I ended up in History, because while I want to yell at half them, by and large it is about breaking answers down and making everything complex. It is well known if you want a sound byte on history then don’t ask a historian – good ones are incapable of it. October 20, 2016 at 6:45am Reply

                    • Victoria: Huntington was inspired by Bernard Lewis, of course, whose ideas influenced the American policy makers a great deal (and the outcome of the Iraq war illustrates the delusion of doing so.) Another case of dangerous generalizations and woeful biases. October 27, 2016 at 12:29pm

  • Alicia: Correction: instead of ” but were the rose of Damascus is something else”, It shouldd read “but the rose of Damascus is something else,” October 17, 2016 at 2:59pm Reply

  • Liz: I have often mulled over the etymology of the rosa damascena, especially as I am pondering several oils and scents to use in some skincare I am making. I don’t think I ever read the name without thinking of Syria, in its current plight. The rose becomes even more poignant a reminder of so many incredible cities and their peoples who are now being wiped off the map. In Malta, we receive many irregular migrants from all parts of war torn southern and eastern Mediterranean shores. A friend of mine is a news photographer and his images of migrants over several years document the bewilderment, tragedy and loss. A Syrian doctor managed to get to safety here, but lost all his family en route. What the Damascena Rose will be a symbol of for future generations, is hard to say. Thank you Victoria for another post of such depth of sentiment. And for the suggested reading for those of us who sorely need to understand more of the region and its peoples if we are to help in our small way. October 17, 2016 at 3:00pm Reply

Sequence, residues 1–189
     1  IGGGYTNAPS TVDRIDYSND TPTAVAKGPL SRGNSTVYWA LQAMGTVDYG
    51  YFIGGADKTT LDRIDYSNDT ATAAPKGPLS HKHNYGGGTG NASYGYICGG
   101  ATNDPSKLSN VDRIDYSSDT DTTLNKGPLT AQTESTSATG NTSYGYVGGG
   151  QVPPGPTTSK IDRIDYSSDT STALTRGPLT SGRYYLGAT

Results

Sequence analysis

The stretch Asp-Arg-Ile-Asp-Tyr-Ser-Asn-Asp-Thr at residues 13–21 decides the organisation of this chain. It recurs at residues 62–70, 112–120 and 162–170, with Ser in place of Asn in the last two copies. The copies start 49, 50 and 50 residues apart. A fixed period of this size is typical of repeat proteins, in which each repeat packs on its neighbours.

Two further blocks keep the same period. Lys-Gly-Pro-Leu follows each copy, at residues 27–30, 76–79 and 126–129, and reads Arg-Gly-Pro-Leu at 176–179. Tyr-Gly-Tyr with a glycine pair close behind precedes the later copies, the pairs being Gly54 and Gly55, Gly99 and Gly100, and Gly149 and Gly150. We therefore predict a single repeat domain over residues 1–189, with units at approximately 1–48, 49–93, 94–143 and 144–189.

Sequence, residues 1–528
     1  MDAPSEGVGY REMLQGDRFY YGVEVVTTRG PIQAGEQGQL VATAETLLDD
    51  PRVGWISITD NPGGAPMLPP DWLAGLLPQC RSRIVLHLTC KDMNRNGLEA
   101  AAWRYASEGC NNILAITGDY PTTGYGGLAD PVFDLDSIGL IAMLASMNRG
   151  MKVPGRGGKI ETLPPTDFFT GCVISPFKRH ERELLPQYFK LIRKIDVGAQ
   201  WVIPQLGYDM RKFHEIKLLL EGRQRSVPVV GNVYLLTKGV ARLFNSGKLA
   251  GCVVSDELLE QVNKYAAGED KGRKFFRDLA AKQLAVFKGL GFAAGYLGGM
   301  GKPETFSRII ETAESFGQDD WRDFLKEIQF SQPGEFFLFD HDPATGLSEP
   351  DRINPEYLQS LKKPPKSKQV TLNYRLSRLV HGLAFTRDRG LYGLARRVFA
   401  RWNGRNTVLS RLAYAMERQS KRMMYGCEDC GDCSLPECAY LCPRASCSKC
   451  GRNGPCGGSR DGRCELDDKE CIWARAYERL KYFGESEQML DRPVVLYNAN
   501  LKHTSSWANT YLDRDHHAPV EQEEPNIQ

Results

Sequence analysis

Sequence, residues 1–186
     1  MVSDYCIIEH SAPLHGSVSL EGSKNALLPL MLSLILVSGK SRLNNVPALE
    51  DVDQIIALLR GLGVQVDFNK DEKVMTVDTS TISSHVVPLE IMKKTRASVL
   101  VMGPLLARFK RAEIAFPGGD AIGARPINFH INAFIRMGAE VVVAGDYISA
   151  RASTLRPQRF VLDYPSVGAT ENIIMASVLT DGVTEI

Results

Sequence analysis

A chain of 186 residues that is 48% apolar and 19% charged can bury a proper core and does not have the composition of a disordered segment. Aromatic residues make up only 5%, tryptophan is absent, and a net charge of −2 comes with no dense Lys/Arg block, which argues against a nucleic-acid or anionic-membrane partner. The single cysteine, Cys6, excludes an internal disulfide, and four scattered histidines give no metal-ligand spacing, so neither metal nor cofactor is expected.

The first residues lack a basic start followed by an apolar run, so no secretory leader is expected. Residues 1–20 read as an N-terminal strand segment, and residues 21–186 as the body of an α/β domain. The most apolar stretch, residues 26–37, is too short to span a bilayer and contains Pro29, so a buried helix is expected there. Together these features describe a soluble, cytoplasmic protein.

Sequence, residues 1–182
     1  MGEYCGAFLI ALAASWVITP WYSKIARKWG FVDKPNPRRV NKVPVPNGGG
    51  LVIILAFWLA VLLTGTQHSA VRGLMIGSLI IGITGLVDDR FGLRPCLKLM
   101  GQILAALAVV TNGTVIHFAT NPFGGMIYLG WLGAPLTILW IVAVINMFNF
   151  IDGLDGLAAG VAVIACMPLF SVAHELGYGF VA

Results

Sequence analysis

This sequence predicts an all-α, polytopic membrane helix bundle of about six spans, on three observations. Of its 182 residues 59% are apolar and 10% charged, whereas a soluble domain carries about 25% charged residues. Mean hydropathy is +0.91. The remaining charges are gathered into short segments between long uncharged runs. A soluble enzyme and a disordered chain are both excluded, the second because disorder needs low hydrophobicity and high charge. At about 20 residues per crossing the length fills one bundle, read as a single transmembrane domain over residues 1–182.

• Victoria: I spoke with a rose grower, who had an interesting theory that the hybrid we have today combines genes of the Eastern, Central Asian and European roses, and that its hybridization has been perfected over centuries. Which makes it a very interesting plant on all levels. Plus, it’s currently the most oil rich rose. The one in my photo is an old variety planted by my great-grandmother in the 40s. I took a flower to a botanical garden to figure out its strain, and the specialist confirmed that it was indeed damascena. The curious part is how long it retains its perfume. I have a batch of dried roses from 2-3 years ago, and my closet still smells of honey and spice!